Date: Jun 12, 2013 3:24 PM
Subject: at the background of logic

I think that all logical connectives, quantifiers and identity are
derivable from a simple semi-formal inference rule denoted by "|" to
represent "infers" and this is not to be confused with the Sheffer
stroke nor any known logical connective.

A| C can be taken to mean the "negation of A"

A,B| A can be taken to mean the "conjunction of A and B"

x| phi(x) can be taken to mean: for all x. phi(x)

x, phi(y)| phi(x) can be taken to mean: x=y

The idea is that with the first case we an arbitrary proposition C is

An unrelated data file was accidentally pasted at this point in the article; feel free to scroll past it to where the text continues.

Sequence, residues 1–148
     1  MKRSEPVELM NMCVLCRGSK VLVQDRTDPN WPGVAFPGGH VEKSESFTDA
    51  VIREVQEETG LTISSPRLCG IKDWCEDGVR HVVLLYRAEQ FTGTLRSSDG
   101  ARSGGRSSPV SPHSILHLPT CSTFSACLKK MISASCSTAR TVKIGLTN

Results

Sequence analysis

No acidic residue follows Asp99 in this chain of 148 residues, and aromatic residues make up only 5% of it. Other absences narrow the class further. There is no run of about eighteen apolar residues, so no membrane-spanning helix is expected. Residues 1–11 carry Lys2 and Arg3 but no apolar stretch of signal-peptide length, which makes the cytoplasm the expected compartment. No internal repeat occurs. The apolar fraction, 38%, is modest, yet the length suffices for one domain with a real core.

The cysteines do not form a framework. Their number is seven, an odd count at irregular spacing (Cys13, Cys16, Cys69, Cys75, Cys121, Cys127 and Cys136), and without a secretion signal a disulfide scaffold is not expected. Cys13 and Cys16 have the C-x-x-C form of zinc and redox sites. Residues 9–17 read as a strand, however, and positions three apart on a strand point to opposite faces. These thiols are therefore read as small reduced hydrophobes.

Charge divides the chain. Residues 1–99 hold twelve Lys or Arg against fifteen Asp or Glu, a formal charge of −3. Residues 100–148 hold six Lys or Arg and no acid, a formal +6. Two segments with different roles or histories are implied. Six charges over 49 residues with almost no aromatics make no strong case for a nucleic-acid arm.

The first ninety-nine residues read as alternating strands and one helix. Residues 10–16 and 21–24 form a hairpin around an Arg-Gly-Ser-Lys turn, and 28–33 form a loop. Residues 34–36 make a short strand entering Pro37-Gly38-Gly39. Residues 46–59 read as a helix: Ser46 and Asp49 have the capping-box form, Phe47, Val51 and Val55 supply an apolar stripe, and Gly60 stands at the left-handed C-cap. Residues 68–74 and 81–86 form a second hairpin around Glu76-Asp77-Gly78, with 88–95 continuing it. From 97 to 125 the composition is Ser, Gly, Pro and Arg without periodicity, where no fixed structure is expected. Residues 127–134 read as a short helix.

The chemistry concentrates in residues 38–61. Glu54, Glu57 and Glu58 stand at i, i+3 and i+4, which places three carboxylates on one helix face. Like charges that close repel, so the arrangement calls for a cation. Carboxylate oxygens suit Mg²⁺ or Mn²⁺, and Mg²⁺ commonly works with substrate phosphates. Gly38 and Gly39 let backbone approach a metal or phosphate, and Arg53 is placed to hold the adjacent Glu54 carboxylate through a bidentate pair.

inferred from A, this can only be always true if A was False,
otherwise we cannot infer an "arbitrary" proposition from it.

Similarly with the second case A to be inferred from A,B then both of
those must be true.

Also with the third condition to infer that for some constant
predicate phi it is true that given x we infer phi(x) only happens if
phi(x) is true for All x.

With the fourth case for an 'arbitrary' predicate phi if phi(y) is
true and given x we infer that phi(x) is true, then x must be
identical to y.

Anyhow the above kind of inference is somewhat vague really, it needs
to be further scrutinized.